Congress health benefit costs will continue to be paid by taxpayers
WASHINGTON (AP) - Under a forthcoming fix from the Obama administration, American taxpayers will continue paying for most of the health benefit costs for members of Congress and their aides who are being marshaled into new insurance exchanges.
Lawmakers and congressional staffers have been sounding the alarm that they could be forced to pay thousands more, picking up the tab themselves. In the past, the federal government chipped in about 75 percent. That sparked concerns that the best and the brightest might flee Capitol Hill rather than losing a benefit on which they and their families depend.
Under new regulations the Obama administration will release next week, the government will keep paying its share and that scenario will be averted, the White House said.
House Minority Leader Nancy Pelosi, D-Calif., said it was important to resolve the issue before the August congressional recess because the exchanges open Oct. 1. She said her own staff had told her there could be a problem with "brain drain."
"They are a tremendous intellectual resource, people who could, shall we say, be better compensated financially outside" of government, Pelosi said wryly. "Happily they enjoy the psychic rewards of public service - at least for a while."
The latest hitch in the rollout of the health care law was actually prompted by an amendment from Iowa Republican Sen. Chuck Grassley that forced senators, representatives and congressional staffers to buy insurance through new exchanges, rather than the federal benefit system most government employees use. The idea was to force lawmakers backing the bill to have a personal stake in the outcome.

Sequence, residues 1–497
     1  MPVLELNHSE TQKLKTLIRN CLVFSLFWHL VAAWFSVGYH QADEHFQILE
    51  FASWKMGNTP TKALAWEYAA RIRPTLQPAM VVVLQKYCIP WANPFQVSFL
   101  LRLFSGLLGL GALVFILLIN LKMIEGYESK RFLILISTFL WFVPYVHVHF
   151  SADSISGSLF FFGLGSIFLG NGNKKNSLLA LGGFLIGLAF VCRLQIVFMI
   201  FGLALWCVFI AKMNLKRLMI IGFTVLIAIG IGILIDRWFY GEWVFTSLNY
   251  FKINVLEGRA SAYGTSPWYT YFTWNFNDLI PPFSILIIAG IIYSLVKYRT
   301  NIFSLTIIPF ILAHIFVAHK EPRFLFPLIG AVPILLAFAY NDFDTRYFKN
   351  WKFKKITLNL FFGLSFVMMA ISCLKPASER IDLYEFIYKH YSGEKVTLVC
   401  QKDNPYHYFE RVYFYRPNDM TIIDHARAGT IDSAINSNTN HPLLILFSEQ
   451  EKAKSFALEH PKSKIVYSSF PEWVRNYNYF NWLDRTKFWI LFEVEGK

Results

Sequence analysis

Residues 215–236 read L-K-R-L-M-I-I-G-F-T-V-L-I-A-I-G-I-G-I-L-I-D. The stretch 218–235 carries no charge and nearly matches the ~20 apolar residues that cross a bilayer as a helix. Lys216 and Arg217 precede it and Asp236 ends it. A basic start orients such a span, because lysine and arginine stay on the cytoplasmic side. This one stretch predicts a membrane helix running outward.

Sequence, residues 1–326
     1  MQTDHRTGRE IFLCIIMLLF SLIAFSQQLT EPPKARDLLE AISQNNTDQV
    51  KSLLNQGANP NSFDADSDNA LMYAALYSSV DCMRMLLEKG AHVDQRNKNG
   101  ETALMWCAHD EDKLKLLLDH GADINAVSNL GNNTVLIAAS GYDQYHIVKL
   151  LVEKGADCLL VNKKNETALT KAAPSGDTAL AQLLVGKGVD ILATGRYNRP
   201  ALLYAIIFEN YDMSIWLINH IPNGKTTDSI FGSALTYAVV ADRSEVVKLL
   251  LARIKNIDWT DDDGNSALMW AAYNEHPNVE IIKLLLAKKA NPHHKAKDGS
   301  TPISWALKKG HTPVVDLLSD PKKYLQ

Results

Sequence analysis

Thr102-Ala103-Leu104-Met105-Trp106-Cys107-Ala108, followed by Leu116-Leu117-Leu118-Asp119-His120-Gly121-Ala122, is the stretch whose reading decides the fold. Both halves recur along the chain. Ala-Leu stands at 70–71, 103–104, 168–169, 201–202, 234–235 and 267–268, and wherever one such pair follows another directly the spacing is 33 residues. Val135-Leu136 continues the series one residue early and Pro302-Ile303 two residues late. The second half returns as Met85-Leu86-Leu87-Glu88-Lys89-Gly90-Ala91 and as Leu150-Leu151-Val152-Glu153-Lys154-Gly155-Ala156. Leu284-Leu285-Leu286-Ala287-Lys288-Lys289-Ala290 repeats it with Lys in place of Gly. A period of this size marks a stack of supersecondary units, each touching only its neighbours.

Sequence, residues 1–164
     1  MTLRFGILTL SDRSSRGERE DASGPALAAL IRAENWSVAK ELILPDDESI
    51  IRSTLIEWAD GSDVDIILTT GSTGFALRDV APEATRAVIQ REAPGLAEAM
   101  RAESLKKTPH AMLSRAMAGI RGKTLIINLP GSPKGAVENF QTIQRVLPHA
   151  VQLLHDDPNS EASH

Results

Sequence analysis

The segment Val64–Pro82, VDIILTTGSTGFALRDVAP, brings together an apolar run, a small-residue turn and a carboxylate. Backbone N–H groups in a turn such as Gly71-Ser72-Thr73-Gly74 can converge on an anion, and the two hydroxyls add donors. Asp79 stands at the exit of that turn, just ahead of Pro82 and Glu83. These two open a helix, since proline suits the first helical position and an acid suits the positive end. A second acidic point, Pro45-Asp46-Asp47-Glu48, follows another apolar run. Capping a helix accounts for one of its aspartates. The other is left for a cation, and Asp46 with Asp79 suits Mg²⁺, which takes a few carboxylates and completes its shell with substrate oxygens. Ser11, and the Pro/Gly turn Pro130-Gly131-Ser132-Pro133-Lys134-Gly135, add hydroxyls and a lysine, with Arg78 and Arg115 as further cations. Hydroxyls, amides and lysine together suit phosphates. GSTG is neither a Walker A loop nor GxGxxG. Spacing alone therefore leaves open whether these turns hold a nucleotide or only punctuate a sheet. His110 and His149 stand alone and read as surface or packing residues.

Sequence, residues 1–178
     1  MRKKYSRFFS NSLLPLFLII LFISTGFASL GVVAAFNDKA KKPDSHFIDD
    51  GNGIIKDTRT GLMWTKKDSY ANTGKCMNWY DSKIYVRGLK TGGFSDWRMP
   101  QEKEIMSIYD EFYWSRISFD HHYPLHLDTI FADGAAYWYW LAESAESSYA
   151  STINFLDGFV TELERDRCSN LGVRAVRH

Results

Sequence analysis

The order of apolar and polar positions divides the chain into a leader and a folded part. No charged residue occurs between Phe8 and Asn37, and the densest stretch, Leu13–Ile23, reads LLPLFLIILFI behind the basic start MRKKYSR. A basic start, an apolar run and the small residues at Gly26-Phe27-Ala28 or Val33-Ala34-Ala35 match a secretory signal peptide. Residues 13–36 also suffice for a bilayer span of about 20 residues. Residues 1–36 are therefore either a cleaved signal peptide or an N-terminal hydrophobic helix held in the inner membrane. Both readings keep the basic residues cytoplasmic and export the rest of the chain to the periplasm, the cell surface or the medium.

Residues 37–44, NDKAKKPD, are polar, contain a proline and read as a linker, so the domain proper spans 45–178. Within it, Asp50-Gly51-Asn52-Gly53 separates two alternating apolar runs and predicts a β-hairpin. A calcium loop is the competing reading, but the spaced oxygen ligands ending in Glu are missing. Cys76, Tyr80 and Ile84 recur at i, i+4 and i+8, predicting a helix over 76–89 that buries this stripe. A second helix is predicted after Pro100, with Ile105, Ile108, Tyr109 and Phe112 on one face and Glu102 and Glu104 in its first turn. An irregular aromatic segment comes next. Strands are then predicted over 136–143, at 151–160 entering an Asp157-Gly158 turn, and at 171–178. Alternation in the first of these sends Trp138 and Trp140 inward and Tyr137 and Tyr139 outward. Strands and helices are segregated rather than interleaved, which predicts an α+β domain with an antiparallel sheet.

But until now, there was no clear mechanism for the government to contribute its part of employees' premiums through the exchanges.
The fix came at the request of both Democratic and Republican lawmakers, the White House said. But officials have declined to say how deeply Obama was involved.
"I just don't have details on the president's private meetings," White House spokesman Jay Carney said Thursday in response to senators' claims that Obama was personally working to resolve the dispute. "I can tell you that Congress wrote and passed the Affordable Care Act, and the law lays out details of how people will get insurance."
Lawmakers and staffers won't be eligible for tax credits that low-income Americans can get to purchase insurance through the exchanges, designed to get millions more Americans enrolled in health care. Obama will start getting his insurance through the exchanges, the White House official said, adding that the administration also supports requiring Cabinet secretaries and White House staff to enroll.